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BCR/ABL

Quantitative p210 BCR/ABL

Qualitative p190 BCR/ABL

References

Quantitative p210 BCR/ABL

Background

The Philadelphia (Ph) chromosome is the result of a reciprocal translocation between chromosomes 9 (ABL gene) and 22 (BCR gene) resulting in deregulated ABL tyrosine kinase (TK) activity.  The breakpoints in the BCR gene are predominately in the major breakpoint cluster region (M-BCR) of chromosome 22 (exon 2 or exon 3), but can also occur at a second upstream breakpoint in the BCR gene (exon 1), which occurs almost exclusively in Philadelphia positive acute lymphoblastic leukemia (Ph+ALL).  Transcripts from the M-BCR encode a BCR/ABL protein of 210kDA, called p210 BCR/ABL.  Patients can have transcripts from one or multiple breakpoints. 

Clinical Significance

Diagnosis: The presence of the p210 BCR/ABL mRNA is consistent with either chronic myeloid leukemia (CML) or acute lymphoblastic leukemia (ALL).  These two diseases are also distinguishable by other clinical and pathological findings.

Transplant setting:  The presence of p210 BCR/ABL mRNA in the 6-12 months post-transplant is associated with an increased risk of relapse1.  The quantitative assay defines the risk of relapse:  an approximately 1 log increase between two time points is considered clinically significant for an increased risk of relapse2, 3.

Non-transplant setting: BCR/ABL levels are correlated with response in CML.  In the IRIS trial, the level of BCR/ABL at 12 months post initiation of treatment with a Tyrosine Kinase Inhibitor (TKI) was associated with outcome4.  In this trial, a 3-log reduction from baseline was defined as a major molecular response (MMR).  CML chronic phase patients who had an MMR had a >95% progression free survival rate. In addition, an increase in BCR/ABL levels while receiving TKI therapy was associated with the subsequent occurrence of a TKI resistant mutation5.  Thus, the recommendations of the National Comprehensive Cancer Network (NCCN) is to obtain peripheral blood BCR/ABL testing every 3 months for all patients on TKI therapy after achievement of complete cytogenetic response (CCR)6.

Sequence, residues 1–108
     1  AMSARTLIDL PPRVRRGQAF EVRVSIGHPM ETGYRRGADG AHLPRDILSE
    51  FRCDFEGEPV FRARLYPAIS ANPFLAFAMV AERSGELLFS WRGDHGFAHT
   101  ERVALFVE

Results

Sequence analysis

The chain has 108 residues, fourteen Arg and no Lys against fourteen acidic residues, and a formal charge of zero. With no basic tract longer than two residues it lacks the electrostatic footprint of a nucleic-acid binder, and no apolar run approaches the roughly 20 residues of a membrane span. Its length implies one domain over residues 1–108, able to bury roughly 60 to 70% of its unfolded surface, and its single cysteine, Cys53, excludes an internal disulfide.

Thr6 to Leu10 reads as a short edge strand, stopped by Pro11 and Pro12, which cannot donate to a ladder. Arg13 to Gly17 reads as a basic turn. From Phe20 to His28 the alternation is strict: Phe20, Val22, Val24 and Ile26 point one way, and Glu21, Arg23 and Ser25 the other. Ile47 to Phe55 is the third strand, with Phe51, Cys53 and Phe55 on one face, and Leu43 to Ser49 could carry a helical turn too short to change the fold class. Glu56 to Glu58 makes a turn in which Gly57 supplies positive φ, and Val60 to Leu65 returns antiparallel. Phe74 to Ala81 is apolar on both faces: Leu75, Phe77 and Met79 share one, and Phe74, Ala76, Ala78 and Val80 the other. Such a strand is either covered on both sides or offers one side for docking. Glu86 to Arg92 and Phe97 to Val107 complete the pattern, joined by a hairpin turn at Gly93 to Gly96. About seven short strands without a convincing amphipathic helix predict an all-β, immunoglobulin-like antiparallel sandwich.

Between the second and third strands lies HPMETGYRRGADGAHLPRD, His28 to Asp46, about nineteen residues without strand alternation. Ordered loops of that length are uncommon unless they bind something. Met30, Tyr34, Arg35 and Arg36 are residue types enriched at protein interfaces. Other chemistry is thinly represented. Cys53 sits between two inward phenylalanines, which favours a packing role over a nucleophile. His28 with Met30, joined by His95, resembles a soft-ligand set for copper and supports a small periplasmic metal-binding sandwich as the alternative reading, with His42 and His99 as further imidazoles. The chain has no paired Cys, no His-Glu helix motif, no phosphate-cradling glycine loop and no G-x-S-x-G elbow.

Method

The Cepheid GeneXpertTM combines RNA extraction, nucleic acid amplification and detection of the BCR/ABL target using real-time reverse transcription polymerase chain reaction (RT-PCR).  The BCR/ABL test is a nested, multiplex assay capable of detecting BCR/ABL p210 translocation (exon 2 or exon 3) and the ABL endogenous control.  Quantitation of BCR/ABL is determined by a ratio of BCR/ABL to ABL.  The GeneXpertTM is able to detect a singe BCR/ABL copy within 100,000 normal cells.  To assure accuracy, patient samples are run in duplicate.

Method before 02/01/2007

RT-PCR is used to detect BCR/ABL RNA transcripts.  White blood cells (WBCs)  are separated from the bone marrow aspirate or peripheral blood sample by red blood cell lysis and subsequent washing.  Total RNA is extracted from the WBCs using the TRIzolTM method.  A RT-PCT reaction is followed by a nested PCR amplification of the target sequence.  Presence or absence of the amplified sequence is visualized using agarose gel electrophoresis.  Patient samples are run in duplicate with appropriate positive and negative controls.  The RNA quality is assessed by RT-PCR of Beta-2 microglobulin mRNA.  This highly sensitive technique can identify a single BCR/ABL transcript in a dilution of 100,000 to 1,000,000 normal cells.